- Associated Press - Friday, October 14, 2016

WATHENA, Kan. (AP) - Following a May 5 baseball game, Ta’Lian Wilkinson returned home and unwound like it was any other night.

He pitched that evening, leaving room for an excuse for pain on the right side of his body. Ta’Lian woke up in the middle of the night, crying and begging for help from his mother, Kellie.

“I was saying, ‘Mom, my arm, my left side, I can’t feel it.’ We thought I was having a heart attack,” said Ta’Lian, a sophomore at Riverside High School.

Battles were nothing new for Ta’Lian, who underwent multiple procedures before the age of 4 after being blind in his left eye. Never could he, or anyone in the Wathena community, imagine his fights could get tougher.

Ta’Lian was transferred from a local emergency room to Children’s Mercy Hospital in Kansas City.

“They came, they took my blood, and they diagnosed me with leukemia,” Wilkinson said. “It just came out of nowhere”

Pre-B Acute Lymphoblastic Leukemia is a type of cancer in which the bone marrow makes too many lymphocytes, a type of white blood cell. The cancer usually gets worse if treatment doesn’t begin promptly, though Ta’Lian’s was found rather quickly.

One of four children, Ta’Lian grew up around sports with his older brother, Tre’Nez, a senior at Riverside. Although he was not in the emergency room at the time of diagnosis, forgetting how the news was delivered to him is something we will never forget.

“Well, I was walking to my fourth hour and his girlfriend (Macy) - they’ve been together forever - she told me she was sorry and I never knew what happened until he sent me the text message and I looked at her phone,” Tre’Nez said. “It was a hard time. Just like every bad thought was running through my head and it was hard to stay positive.”

His way of keeping Ta’Lian on the field comes by him standing out, as fans will see during tonight’s Riverside (3-2) homecoming game against Maur Hill-Mount Academy at 7 p.m. Tre’Nez’s outfit is comprised of mostly orange - the color of leukemia awareness - from his shoes to his gloves, as well as the entire team’s tape.

Ta’Lian’s love of sports goes beyond the gridiron. In addition to baseball and football, his first passion is basketball.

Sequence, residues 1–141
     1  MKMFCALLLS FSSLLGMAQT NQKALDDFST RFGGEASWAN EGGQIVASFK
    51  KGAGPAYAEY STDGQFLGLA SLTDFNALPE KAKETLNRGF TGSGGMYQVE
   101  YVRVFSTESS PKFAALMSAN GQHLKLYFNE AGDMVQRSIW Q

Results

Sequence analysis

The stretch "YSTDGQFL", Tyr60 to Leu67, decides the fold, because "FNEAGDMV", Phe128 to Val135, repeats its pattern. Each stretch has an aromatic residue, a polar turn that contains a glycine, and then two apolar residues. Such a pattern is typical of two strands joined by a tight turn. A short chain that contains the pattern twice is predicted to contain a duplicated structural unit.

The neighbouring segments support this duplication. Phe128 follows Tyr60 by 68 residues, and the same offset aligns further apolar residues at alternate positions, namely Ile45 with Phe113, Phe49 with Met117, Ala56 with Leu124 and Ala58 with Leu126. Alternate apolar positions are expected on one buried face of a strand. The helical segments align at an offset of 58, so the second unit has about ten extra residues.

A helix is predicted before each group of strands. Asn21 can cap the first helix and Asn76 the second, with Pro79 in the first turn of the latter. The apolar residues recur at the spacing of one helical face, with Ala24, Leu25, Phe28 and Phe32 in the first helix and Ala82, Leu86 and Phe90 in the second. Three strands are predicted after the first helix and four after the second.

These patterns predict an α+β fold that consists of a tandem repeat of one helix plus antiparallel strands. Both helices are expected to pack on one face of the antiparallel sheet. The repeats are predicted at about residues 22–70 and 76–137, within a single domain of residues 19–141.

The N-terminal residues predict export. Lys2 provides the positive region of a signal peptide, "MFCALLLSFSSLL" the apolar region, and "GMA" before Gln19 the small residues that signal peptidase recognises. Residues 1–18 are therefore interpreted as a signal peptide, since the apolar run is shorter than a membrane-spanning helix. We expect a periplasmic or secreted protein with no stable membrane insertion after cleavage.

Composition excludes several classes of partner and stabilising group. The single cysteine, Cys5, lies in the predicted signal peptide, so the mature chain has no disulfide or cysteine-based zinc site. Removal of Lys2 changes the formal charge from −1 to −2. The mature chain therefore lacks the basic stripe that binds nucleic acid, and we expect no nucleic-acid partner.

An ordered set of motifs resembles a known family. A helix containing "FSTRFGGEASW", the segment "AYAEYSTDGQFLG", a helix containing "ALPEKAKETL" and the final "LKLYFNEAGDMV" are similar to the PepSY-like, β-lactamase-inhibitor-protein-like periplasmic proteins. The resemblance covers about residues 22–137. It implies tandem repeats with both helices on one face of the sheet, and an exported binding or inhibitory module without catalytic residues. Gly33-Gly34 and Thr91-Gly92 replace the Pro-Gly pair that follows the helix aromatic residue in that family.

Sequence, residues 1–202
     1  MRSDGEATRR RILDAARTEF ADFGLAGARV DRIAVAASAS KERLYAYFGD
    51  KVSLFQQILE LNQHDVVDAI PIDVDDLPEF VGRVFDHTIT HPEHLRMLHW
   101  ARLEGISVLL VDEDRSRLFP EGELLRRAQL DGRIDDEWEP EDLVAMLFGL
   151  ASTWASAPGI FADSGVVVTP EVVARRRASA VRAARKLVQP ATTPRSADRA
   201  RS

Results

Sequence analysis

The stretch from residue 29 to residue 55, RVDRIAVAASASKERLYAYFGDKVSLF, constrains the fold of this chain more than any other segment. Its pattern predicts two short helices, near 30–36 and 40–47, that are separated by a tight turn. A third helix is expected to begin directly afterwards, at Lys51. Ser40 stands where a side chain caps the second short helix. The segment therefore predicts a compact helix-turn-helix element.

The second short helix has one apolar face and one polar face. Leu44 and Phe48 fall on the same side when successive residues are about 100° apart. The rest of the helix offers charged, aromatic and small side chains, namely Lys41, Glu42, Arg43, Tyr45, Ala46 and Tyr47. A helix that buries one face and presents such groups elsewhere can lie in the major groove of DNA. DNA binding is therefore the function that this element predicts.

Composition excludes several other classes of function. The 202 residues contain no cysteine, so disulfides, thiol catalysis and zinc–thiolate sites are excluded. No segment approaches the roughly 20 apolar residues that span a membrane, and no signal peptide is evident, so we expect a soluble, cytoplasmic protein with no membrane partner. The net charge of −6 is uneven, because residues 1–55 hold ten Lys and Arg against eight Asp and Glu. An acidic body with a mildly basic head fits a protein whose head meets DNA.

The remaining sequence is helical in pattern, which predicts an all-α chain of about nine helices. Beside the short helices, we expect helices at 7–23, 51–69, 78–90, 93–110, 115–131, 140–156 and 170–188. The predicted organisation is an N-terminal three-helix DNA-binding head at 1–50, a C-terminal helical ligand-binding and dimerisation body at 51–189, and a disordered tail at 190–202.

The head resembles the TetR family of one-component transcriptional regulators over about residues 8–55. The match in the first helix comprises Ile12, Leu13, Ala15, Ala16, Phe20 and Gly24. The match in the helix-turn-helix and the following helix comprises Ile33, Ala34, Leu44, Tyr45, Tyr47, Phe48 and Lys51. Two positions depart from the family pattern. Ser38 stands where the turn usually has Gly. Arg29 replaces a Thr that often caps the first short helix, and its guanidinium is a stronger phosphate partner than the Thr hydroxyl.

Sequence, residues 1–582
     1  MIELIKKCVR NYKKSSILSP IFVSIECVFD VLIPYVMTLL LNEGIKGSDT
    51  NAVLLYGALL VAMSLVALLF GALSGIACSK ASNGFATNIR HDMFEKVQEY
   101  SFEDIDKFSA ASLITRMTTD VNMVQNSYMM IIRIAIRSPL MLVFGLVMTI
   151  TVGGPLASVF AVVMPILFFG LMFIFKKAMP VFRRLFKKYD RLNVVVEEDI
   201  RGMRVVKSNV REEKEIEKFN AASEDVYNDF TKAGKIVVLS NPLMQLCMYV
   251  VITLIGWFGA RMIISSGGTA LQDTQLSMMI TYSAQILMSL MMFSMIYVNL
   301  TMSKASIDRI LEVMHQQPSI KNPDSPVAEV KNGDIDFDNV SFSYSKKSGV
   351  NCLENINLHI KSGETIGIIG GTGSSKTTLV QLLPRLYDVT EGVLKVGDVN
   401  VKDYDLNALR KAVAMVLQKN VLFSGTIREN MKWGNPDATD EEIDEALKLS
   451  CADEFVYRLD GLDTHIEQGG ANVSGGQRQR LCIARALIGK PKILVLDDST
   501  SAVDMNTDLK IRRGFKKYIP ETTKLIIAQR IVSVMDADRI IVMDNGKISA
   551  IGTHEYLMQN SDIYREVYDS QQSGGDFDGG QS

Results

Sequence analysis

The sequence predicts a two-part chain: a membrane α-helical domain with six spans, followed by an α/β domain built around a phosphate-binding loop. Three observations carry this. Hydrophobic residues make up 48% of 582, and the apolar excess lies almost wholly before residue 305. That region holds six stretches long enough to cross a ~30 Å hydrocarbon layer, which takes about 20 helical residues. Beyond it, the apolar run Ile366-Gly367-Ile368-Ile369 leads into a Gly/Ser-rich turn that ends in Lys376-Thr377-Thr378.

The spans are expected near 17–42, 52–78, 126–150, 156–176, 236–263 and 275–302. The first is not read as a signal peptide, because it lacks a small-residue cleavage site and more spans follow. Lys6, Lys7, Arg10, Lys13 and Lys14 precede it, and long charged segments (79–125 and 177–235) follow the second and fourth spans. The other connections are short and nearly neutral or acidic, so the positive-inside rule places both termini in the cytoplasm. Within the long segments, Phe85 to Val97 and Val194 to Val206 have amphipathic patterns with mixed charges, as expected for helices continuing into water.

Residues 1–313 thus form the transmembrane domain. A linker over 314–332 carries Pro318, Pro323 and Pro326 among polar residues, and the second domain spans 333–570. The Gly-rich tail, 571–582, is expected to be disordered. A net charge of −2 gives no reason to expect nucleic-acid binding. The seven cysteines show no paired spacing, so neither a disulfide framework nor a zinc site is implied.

Now, he can barely be around. He attends school virtually from home, must wear a mask around people and can occasionally make his way to Riverside High School for lunch with his friends.

His outlook is far from negative, however.

“I think it’s God saving my life, basically,” Ta’Lian said, “because if that lymph node wouldn’t have swollen up, I probably wouldn’t be as healthy as I am.”

“It’s definitely interesting,” said sophomore Dawson Dick, who is Ta’Lian’s teammate and one of the leaders of the Riverside football team. “I mean, it definitely brings a whole ‘nother level to why you wanna play hard and why you wanna play for your community.”

The St. Joseph News-Press reported (http://bit.ly/2dHbMR0 ) that three years of treatments await Ta’Lian. Rough times came at the start of treatments with stomach issues pushing them back multiple weeks, though Ta’Lian is improving day-by-day.

And as long as he stays on course, Ta’Lian will return to the hardwood in January.

You can guarantee he will be stronger than ever.

“It was the happiest day of my life because I really love the sport,” Ta’Lian said of hearing he could play basketball again one day. “So when they told me that, I was like, it makes me feel better.

“I can still do what I used to do even though I have leukemia.”

To donate and assist with Ta’Lian’s expenses, please visit www.gofundme.com/233xt7wg.

___

Information from: St. Joseph News-Press/St. Joe, Missouri, http://www.newspressnow.com

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